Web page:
The National Institute for Occupational Safety and Health (NIOSH), part of the Centers for Disease Control and Prevention, recently awarded Dr. George Delclos and Dr. David Gimeno with a $1.3 million grant for their project on asthma in Texas healthcare workers. Drs. Delclos and Gimeno are faculty members of the Southwest Center for Occupational and Environmental Health in the Division of Epidemiology, Human Genetics and Environmental Sciences at The University of Texas School of Public Health. The School of Public Health is part of The University of Texas Health Science Center at Houston (UTHealth).
About the project:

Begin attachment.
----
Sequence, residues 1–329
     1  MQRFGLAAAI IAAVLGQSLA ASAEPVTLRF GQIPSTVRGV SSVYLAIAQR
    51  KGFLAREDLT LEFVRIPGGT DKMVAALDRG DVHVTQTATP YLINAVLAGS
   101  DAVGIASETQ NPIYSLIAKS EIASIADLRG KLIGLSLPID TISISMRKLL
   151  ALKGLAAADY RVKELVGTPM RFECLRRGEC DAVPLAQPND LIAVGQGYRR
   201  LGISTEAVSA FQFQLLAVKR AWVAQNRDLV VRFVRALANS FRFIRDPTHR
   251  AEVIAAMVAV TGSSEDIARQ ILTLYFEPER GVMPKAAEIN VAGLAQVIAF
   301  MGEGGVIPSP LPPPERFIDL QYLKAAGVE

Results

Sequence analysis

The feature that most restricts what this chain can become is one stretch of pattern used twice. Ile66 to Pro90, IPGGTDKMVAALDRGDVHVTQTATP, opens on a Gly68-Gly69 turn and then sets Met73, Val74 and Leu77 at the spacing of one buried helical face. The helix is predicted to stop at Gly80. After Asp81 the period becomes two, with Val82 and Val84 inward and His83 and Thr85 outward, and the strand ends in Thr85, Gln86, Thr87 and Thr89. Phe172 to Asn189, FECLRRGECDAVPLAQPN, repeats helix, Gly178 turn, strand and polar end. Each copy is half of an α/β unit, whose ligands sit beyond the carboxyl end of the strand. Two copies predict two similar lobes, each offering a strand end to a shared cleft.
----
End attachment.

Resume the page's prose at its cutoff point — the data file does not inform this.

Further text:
In the U.S., asthma prevalence has grown by almost 15 percent and it is estimated that 15-to-25 percent of adult cases are caused or aggravated by work-related factors. Certain occupational groups are at an increased risk of developing work-related asthma, particularly health care workers (HCWs). In 2003, the same authors found that contribution of occupational exposure to asthma in HCWs is not trivial, especially among nurses, and that risk of asthma after entry into a health care profession was significantly increased for tasks involving medical instrument cleaning and disinfection, general cleaning, use of powdered latex gloves, and the administration of aerosolized medications. Over the past decade, health care related practices have changed, as has the use of certain products. It likely that these and other changes in health care setting practices, coupled with increased awareness of asthma in HCWs, have had an effect on the burden of asthma in this worker population. The goals of this project are to estimate changes in the associations between occupational exposures and asthma among HCWs during the last decade as well as to assess the socioeconomic impact of asthma in HCWs and, where possible, compare them to the situation at the time of the 2003 survey.